A conjunction it is, maybe. But don't you think it's replaceable with "where", like "no trace where you have passed that way remains"? (Remember, I said it's close to a "relative adverb", not a "relative pronoun").

    Take another sentence like, say, "You are in a hurry the last time that I met you" for instance. Don't you think we can replace that with when? Or for still another instance, if I say "We need a place that we can stay for a few days", don't you think it's the same as "We need a place where we can stay for a few days"?
    Sorry, I missed your point. Yes, you can replace "that" with "where" there. I would call "where" a conjunction also, but the term "relative adverb" has its proponents. The problem then is with "that way". That becomes redundant with "where", IMO. It would be better as "no trace where you have passed remains". It would have a meaning slightly different from the other version, but it would be grammatical.

    :wink:

  6. #6
    Taka is offline Senior Member
    • Member Info
      • Member Type:
      • Other
      • Native Language:
      • Japanese
      • Home Country:
      • Japan
      • Current Location:
      • Japan
    Join Date
    Mar 2004
    Posts
    1,074
    Post Thanks / Like

    Default Re: What is this, grammatically?

    I think it may be a combination of "no trace remains" and "you have passed through the trace (in) *that way", but I'm not confident about this one...

    *that way=using your boat

  7. #7
    MikeNewYork's Avatar
    MikeNewYork is offline VIP Member
    • Member Info
      • Member Type:
      • Academic
      • Native Language:
      • American English
      • Home Country:
      • United States
      • Current Location:
      • United States
    Join Date
    Nov 2002
    Posts
    13,802
    Post Thanks / Like

    Default Re: What is this, grammatically?

    Quote Originally Posted by Taka
    I think it may be a combination of "no trace remains" and "you have passed through the trace (in) *that way", but I'm not confident about this one...

    *that way=using your boat
    For me, "that way", in the original, means "in that direction", "by that place". The idea is not that there is no trace that you used a boat. The idea is that the world will never know that you were there at all.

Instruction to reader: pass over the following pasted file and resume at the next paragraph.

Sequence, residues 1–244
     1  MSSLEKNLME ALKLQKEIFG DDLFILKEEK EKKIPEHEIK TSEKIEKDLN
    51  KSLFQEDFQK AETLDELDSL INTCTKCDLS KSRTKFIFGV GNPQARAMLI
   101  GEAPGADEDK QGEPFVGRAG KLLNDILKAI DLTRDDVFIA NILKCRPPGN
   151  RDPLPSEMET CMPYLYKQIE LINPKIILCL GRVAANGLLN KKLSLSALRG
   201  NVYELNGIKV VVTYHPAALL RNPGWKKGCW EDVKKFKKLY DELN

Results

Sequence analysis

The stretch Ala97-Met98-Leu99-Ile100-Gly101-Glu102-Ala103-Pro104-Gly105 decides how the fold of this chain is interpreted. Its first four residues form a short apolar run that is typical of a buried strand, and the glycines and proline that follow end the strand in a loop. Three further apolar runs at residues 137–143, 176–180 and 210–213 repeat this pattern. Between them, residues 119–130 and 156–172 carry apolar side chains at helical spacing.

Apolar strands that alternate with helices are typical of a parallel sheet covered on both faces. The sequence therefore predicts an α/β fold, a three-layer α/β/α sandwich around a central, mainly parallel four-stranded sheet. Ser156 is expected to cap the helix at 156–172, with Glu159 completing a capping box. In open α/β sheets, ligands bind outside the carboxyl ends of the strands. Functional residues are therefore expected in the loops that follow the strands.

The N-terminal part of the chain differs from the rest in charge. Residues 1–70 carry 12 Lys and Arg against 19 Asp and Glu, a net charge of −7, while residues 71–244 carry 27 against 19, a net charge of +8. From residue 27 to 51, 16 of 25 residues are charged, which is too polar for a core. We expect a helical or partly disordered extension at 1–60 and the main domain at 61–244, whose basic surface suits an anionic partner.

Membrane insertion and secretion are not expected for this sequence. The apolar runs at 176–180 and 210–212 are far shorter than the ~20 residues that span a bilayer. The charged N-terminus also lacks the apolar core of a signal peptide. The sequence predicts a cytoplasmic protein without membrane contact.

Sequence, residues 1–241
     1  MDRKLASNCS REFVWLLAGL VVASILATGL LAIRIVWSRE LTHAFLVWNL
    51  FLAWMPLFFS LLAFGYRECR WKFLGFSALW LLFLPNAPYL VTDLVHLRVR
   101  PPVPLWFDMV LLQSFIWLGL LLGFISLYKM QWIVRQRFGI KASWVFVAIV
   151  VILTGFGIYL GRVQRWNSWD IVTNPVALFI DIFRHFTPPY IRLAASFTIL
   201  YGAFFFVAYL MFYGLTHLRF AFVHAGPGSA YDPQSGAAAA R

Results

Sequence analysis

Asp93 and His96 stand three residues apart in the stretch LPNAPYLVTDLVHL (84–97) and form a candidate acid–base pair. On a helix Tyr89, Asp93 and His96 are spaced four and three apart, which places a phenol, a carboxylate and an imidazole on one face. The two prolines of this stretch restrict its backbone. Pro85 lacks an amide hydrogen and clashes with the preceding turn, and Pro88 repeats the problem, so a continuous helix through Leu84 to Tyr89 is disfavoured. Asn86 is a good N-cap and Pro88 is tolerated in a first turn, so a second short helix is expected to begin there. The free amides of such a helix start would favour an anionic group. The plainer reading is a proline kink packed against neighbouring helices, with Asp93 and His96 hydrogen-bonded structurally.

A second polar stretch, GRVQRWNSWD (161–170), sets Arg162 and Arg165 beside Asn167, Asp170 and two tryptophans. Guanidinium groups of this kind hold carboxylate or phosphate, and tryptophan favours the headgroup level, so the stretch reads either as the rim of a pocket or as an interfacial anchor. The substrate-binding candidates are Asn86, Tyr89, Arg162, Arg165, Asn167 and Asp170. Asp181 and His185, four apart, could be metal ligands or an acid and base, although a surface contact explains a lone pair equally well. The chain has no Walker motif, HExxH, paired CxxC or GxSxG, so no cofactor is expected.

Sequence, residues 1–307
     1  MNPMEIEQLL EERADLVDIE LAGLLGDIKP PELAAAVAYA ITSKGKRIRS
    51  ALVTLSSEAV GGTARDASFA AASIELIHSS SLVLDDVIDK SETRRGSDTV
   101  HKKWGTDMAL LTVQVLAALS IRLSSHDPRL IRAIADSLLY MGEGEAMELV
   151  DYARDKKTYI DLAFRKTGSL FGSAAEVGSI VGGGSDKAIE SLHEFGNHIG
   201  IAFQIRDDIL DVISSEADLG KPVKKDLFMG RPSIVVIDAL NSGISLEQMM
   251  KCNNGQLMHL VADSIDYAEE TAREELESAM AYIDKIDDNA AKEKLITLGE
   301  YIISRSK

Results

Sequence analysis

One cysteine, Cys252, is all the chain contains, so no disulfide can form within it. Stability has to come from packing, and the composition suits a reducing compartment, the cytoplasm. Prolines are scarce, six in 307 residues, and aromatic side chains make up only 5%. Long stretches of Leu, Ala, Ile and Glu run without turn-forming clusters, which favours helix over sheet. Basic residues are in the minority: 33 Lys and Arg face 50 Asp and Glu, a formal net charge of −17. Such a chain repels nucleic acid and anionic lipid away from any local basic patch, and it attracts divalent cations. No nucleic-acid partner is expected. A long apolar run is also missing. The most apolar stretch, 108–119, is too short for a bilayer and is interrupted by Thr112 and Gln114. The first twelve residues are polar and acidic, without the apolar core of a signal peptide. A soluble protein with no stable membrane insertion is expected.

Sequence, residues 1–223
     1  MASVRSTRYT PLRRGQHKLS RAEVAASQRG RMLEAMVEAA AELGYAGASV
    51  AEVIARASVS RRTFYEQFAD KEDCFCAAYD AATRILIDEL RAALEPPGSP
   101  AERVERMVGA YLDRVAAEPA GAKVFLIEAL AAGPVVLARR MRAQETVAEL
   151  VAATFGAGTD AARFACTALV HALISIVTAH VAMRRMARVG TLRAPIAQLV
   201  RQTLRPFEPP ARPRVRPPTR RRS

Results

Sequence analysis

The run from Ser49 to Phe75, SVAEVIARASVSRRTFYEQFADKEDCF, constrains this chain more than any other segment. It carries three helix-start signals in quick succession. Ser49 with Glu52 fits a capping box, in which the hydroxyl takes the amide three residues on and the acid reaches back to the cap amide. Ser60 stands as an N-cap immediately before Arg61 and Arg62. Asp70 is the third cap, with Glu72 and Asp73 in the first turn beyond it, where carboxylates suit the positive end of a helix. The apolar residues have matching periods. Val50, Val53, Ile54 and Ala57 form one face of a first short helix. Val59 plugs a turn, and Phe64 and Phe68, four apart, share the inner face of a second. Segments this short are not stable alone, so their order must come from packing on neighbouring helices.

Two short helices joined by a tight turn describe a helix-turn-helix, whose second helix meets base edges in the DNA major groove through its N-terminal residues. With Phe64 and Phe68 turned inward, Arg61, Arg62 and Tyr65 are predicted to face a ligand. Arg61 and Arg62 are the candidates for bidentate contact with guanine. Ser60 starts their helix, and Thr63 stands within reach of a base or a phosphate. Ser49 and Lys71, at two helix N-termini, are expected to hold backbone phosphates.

8. #8
    Taka is offline Senior Member
    • Member Info
      • Member Type:
      • Other
      • Native Language:
      • Japanese
      • Home Country:
      • Japan
      • Current Location:
      • Japan
    Join Date
    Mar 2004
    Posts
    1,074
    Post Thanks / Like

    Default Re: What is this, grammatically?

    Quote Originally Posted by MikeNewYork
    Quote Originally Posted by Taka
    I think it may be a combination of "no trace remains" and "you have passed through the trace (in) *that way", but I'm not confident about this one...

    *that way=using your boat
    For me, "that way", in the original, means "in that direction", "by that place". The idea is not that there is no trace that you used a boat. The idea is that the world will never know that you were there at all.
    I see. And if it is a combination of "no trace remains" and "you have passed through the trace that way", you think it's redundant. Is that what you mean?

  9. #9
    Taka is offline Senior Member
    • Member Info
      • Member Type:
      • Other
      • Native Language:
      • Japanese
      • Home Country:
      • Japan
      • Current Location:
      • Japan
    Join Date
    Mar 2004
    Posts
    1,074
    Post Thanks / Like

    Default Re: What is this, grammatically?

    Now I have an idea! Is the word "trace" used not as a physical mark, but as a metaphor for "evidence" or "a fact"? If it is so, then I think that the "that" of "no trace that" is the same as "that" of "no evidence that" or "no fact that".

  10. #10
    Tdol is offline Editor, UsingEnglish.com
    • Member Info
      • Member Type:
      • English Teacher
      • Native Language:
      • British English
      • Home Country:
      • UK
      • Current Location:
      • Philippines
    Join Date
    Nov 2002
    Posts
    42,706
    Post Thanks / Like

    Default

    I'd say 'no evidence'.

Page 1 of 2 1 2 LastLast

Similar Threads

  1. Is the following phrase grammatically correct
    By Anonymous in forum Ask a Teacher
    Replies: 1
    Last Post: 17-Aug-2004, 20:54
  2. Feedback/answers must be grammatically correct
    By Anonymous in forum Comments & Suggestions
    Replies: 2
    Last Post: 16-Feb-2004, 16:10
  3. Which is correct
    By ExK in forum Ask a Teacher
    Replies: 12
    Last Post: 03-Feb-2003, 17:29

Posting Permissions

  • You may not post new threads
  • You may not post replies
  • You may not post attachments
  • You may not edit your posts
  •